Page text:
Yeah, it’s a real challenge sometimes, to get too far into statistics when I’m working with a population with very low health literacy can be actually counterproductive, and…
…messages get crossed all the time. You know, one of the things I find that’s really helpful, is on my E-prescriptions, I include notes for the pharmacy. I hope they’re read, because I really do try to explain why we’re doing what we’re doing. And so, that’s something, there’s a point there that you can reinforce to the patient. And I think that that’s a very valuable feature, because it’s too hard to call and, you know, I know that having conversations can be challenging on both our ends, but those small notes are electronic, and fix the prescription so they should be read, I think are a great tool.
Yeah, I think so too. I love that. I wish more of my providers would do that. And I might actually start doing that for my pharmacies as well, when I’m prescribing things. That’s a great idea.
Yeah, it definitely helps move things ahead. That way, we’re – again, we’re a team, and we’re all playing you know, on the same side, trying to achieve the same objective.
Absolutely. I agree. My patients – I also work in an indigent health care system, and sometimes explaining things to them is counterproductive, but I find that even if I can latch onto one small, little piece – “Hey, your dad had a heart attack, you had a heart attack, you have kids. Clearly, there’s something going on here. We need to do a better job at mitigating that risk.” Then I think that that’s – even if it’s one tiny little – little portion, it does make a difference in helping them be more adherent to their therapy.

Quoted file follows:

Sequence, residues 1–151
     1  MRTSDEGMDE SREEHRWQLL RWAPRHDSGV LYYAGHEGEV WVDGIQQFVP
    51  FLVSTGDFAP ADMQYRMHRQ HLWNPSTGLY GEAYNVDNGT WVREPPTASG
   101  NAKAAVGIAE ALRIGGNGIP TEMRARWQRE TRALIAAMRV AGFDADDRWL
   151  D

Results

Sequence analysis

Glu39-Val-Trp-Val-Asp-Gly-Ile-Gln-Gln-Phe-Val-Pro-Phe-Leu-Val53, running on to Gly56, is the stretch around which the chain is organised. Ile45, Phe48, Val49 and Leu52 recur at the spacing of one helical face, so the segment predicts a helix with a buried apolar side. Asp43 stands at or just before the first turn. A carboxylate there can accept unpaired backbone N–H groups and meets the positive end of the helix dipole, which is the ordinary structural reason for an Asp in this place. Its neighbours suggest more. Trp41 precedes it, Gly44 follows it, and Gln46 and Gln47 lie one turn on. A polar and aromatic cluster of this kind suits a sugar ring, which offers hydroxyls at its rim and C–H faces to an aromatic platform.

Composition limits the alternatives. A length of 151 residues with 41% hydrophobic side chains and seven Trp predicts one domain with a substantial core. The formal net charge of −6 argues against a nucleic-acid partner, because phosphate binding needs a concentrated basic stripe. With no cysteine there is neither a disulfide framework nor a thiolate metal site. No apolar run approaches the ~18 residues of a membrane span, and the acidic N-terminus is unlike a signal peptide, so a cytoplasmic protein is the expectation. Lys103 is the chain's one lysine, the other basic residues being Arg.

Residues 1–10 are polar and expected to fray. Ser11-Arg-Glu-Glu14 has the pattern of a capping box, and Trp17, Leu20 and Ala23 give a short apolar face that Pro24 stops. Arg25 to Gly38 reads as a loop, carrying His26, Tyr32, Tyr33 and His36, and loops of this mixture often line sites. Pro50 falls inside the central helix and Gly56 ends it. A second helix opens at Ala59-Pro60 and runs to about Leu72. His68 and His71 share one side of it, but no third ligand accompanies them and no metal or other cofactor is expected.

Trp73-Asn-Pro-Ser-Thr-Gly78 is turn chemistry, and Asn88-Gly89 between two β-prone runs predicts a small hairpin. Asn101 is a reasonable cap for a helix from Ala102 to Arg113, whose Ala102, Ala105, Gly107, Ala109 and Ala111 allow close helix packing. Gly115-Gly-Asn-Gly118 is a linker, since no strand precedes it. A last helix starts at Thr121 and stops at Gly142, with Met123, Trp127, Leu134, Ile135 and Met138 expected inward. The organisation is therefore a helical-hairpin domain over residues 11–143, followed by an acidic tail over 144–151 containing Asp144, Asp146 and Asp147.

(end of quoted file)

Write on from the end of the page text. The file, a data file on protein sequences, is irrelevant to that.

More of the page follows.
Yeah, and to clarify, I always explain things to my patients, but when you give a lot of details about seven different subjects, and in a patient who is functionally illiterate in English and Spanish, and maximum fourth grade education, it’s better to just go through some bullets, and here’s the…
…here’s the top three things that we’re going to achieve today. Beause when you try to achieve twelve things, you’re probably gonna achieve zero. Achieve three things – you – you’ll probably get two.
I totally agree, and especially from the primary care side. Like, you guys have so many things to deal with in one visit.
In my lipid clinic, I have one. So, it does make it a lot easier on my side. (laughs)
I will say a lot of my patients don’t come in with chief complaints of “my lipids.” But…
They don’t! (laughs)
But I’m always hanging back. I’m going through the headaches and the shoulder pain and the sore throat and the COVID fear, and then eventually I’ll get to my agenda, which is, “your lipids.”
So, yeah. There’s an art to it. It’s an art. But it’s– I’m blessed to be able to do it. I’m blessed to be able to work with great people like you, so yeah, and mostly, I’m blessed to, that these patients allow me into their lives, and try to help them out. It’s really an incredible experience, so I’m always grateful.